Born 28th January 1944, Wembley Park, London, first child of Muriel and Kenneth Tavener.
Attended St Christophers pre-prep, and Arnold House prep school, before going on as a music scholar to both Highgate School for Boys and to the Royal Academy of Music.
Met his ‘adopted’ Godmother Rhoda Birley in 1956, at a performance of The Magic Flute at Glyndebourne.
Heard Stravinsky’s Canticum Sacrum on the radio in 1956, which made a lasting impression.
Became organist at St John’s, Kensington in 1959, conducting major works, including his own, with a relatively inexperienced but dedicated choir. Continued as organist into the 1970s.
I have always loved hymns, since I was a 6 year old, playing them on my grandfather’s pipe organ. I had a very inspiring music master at Highgate who played hymns wonderfully slowly and interpreted them like huge tone poems. Today, people play hymns far too clinically. The best ones are nobel and majestic, with inspired tunes and text, like When I Survey the Wondrous Cross, Eternal Father Strong to Save, Love Divine and Lead Kindly Light.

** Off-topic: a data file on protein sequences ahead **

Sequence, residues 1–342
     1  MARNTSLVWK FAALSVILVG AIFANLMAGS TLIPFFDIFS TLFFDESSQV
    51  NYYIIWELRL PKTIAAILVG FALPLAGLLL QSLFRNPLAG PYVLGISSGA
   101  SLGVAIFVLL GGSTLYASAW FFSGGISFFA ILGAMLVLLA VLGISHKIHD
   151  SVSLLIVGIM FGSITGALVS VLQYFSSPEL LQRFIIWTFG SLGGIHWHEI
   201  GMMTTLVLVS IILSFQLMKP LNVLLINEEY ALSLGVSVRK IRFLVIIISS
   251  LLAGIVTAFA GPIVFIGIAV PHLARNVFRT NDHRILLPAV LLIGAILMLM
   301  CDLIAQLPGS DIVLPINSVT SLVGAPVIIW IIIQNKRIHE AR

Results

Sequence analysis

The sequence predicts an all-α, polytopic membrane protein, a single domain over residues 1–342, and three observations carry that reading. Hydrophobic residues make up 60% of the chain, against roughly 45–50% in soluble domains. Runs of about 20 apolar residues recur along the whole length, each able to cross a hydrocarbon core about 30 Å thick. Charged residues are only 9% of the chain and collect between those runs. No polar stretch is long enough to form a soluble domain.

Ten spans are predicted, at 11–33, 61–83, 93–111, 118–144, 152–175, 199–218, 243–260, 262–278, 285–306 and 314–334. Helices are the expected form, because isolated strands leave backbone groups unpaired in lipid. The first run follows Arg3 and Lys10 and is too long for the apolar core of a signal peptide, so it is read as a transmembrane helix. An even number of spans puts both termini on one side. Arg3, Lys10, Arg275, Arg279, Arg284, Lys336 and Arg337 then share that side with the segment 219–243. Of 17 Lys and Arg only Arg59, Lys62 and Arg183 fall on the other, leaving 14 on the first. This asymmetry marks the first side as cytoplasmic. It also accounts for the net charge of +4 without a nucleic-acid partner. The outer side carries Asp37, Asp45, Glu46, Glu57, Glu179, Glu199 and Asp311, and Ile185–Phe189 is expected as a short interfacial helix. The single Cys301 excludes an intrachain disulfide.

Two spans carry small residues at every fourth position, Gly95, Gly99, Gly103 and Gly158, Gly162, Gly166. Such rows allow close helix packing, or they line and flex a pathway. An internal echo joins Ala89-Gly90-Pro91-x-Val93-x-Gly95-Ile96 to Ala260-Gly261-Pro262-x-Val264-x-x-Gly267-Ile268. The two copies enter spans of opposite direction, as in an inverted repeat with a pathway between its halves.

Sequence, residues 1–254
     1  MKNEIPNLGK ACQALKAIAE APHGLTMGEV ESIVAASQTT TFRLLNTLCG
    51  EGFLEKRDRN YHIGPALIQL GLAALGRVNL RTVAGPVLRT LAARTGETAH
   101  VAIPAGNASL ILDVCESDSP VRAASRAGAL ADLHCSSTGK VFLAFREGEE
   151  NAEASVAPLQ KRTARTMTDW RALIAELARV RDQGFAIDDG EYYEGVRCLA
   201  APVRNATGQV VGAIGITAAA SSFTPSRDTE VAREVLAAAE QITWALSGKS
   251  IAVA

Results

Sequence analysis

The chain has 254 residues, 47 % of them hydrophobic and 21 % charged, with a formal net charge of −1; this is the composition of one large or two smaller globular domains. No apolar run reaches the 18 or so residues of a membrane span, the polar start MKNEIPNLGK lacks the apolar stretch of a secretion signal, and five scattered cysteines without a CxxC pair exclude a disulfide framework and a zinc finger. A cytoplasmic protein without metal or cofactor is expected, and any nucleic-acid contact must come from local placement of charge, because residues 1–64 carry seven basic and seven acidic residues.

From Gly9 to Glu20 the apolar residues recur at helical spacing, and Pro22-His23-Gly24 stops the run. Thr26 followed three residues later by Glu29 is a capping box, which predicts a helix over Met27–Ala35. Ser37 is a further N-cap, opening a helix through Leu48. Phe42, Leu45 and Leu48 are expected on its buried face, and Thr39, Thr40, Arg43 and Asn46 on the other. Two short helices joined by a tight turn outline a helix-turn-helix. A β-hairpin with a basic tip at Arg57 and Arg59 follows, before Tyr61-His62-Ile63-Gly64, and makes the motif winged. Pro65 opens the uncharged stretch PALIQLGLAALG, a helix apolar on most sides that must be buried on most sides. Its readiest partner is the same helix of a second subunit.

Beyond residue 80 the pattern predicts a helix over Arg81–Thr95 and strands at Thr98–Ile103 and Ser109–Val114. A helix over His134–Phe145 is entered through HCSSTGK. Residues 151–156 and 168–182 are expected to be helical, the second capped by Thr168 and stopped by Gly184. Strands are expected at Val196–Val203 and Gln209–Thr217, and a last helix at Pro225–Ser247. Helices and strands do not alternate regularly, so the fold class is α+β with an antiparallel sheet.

Performed his own piano concerto with Harry Blech and the Academy Chamber Orchestra, and conducted his own opera, The Cappemakers. Met Stravinsky.
The Whale was performed at the inaugural concert of the London Sinfonietta, founded by Nicholas Snowman, at the QEH.
In Alium won the audience over at The Proms in a competition, played by the BBC Symphony Orchestra.
Ever since I was aged three until I became very ill over three years ago I have had what some consider a paradoxical interest in cars. When I was a child my father used to bring home pamphlets of cars he thought of buying. He used to lay them out on the floor and I as a toddler used to stamp on them ritually chanting “Big car, little car, big car, little car”.
My own first car was a wonderful Armstong Siddeley Sapphire with a semi-automatic pre-selector gearbox which I bought for £100, aged 23. Since then I have owned a number of old Bentleys, the first of which had no passenger seat so my passengers had to either sit in the back or risk burning themselves in the front. Now I am happy to be driven and my adolescent passion for cars has abated, thank God.
To be continued…